Authorities in Vietnam have reported more trafficking victims crossing from Cambodia, the Interior Ministry’s counter-trafficking chief said, as the global economic slowdown creates a desperation for jobs while closed borders due to Covid-19 elevate the dangers of migration.
Last week, two mothers told VOD of daughters trafficked to China for sex. One of the victims was a waitress in Ratanakiri province until the collapse of tourism put her out of work. She crossed illegally into Vietnam in July as a 17-year-old after being promised a job, and had to walk for days en route to China. After arriving, she was placed in three different houses to be a “wife,” she told her mother by stealing a phone from one of the men. She remains in China.
Chou Bun Eng, permanent vice chair of the National Committee for Counter Trafficking, said she did not know what more authorities could do to try to warn young women against illegally crossing into Vietnam.
Counter-trafficking officials have used TV, social media and in-person workshops to try to get the message across — especially to not cross borders during the pandemic.
“But they don’t listen to us, [to] what we’ve been advising, calling and begging for, explaining in every way to keep them safe.”
Instead, Vietnamese authorities have found and sent back more trafficked Cambodian women than previous years, she said. She would not give a figure, but noted that some were underage.
“Now I don’t know how to educate them,” she said. “Maybe they listen to brokers more than our education.”
Bun Eng said traffickers claim to be job brokers when approaching the women. They work in networks in order to cross borders through forests and deceive local officers, she said. They need to circumvent Cambodian, Vietnamese and Chinese authorities, and need documents for several jurisdictions.
Recently rescued victims are being asked about the trafficking network — who helped them, how they traveled.
But “they don’t know the ways. They don’t know the people,” Bun Eng said. “It’s a network. That’s why it’s called a cross-border crime, which means having an organization, a network or a system.”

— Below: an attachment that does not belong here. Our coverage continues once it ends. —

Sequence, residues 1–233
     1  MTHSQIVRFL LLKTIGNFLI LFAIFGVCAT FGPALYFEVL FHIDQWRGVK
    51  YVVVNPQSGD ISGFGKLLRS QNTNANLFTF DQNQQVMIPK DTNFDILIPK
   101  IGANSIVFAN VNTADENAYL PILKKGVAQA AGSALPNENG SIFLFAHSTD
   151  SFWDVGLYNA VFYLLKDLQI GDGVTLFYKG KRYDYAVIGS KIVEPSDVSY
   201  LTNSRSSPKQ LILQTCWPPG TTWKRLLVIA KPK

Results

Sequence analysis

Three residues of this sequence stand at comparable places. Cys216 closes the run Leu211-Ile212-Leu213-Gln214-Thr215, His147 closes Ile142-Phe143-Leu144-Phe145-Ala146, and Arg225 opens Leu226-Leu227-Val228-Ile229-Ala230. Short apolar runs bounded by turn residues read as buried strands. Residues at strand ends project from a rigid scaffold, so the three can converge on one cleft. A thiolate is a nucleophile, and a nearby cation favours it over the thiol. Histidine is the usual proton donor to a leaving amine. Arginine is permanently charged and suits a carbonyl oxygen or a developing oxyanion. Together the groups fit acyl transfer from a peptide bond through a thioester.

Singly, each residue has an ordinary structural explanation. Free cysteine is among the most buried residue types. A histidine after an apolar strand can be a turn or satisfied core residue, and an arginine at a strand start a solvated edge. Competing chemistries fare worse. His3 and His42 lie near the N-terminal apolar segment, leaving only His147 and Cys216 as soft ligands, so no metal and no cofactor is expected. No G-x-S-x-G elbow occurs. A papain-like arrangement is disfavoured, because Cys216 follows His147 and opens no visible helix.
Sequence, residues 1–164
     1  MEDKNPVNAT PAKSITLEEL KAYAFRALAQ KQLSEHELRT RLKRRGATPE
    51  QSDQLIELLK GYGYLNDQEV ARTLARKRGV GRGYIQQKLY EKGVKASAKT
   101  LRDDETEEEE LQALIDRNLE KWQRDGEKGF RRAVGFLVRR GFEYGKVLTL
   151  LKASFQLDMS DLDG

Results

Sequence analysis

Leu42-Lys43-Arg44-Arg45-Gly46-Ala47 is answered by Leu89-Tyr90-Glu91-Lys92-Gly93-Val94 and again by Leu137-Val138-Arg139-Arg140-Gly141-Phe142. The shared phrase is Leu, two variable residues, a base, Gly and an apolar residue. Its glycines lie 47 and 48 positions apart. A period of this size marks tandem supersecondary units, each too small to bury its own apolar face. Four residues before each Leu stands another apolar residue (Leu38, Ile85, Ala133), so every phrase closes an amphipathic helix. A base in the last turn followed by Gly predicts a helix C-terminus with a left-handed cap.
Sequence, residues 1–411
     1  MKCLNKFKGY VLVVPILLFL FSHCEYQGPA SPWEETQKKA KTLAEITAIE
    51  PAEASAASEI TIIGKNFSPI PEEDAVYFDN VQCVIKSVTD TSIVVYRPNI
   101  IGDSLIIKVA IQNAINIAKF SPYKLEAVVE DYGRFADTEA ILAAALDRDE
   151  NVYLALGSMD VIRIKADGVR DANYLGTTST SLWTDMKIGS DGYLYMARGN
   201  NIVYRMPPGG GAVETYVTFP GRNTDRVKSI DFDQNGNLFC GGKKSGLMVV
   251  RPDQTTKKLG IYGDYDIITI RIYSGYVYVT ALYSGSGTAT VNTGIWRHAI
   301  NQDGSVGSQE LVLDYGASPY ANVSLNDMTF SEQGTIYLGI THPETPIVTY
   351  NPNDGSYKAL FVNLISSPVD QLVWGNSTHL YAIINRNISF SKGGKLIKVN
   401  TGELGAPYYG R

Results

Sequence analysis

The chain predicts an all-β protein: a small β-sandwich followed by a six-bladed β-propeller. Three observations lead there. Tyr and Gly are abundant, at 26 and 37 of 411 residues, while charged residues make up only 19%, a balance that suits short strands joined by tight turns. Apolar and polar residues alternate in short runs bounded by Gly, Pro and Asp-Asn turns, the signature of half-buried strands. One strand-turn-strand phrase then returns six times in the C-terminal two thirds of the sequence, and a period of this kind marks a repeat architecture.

The Foreign Affairs Ministry and Cambodian Embassy in China investigate and try to rescue the women, but they need precise locations or there is little they can do, she said.
Moeun Tola, executive director at labor rights group Central, said the trafficking of Cambodian women has been going on for a long time, but traffickers were always changing their techniques.
They target poverty, Tola said, especially people without education who need money.
The Covid-19 pandemic has hit several of Cambodia’s economic sectors. Tourism has been devastated, while 150,000 jobs have been lost or suspended in the garments industry amid a decline in international clothing orders, the manufacturers association said earlier this year. Migrants in Thailand have returned to the country in large numbers, are unable to go back, and struggle to find local jobs.
“When [they] arrive, the traffickers take away their passport and force them to take a husband,” Tola said. “If they don’t agree to get married, they won’t have any other choice because they can’t get a job without a passport.”
The so-called “marriage” was only genuine in rare cases, he said.
“Some lucky women meet only one man and live with him permanently,” he said. For others, “the traffickers bring them from one man to another.”
“They don’t bring them to be their wife. Most of the victims we have interviewed, they are treated like a slave for the whole family — a sexual slave and producing a baby for them too. Some women are not allowed to touch their children [once they give birth].”
“That’s why we call on our citizens to be very careful,” Tola said.
Foreign Affairs Ministry spokesperson Koy Kuong said the ministry was investigating the latest cases, but did not have any figures.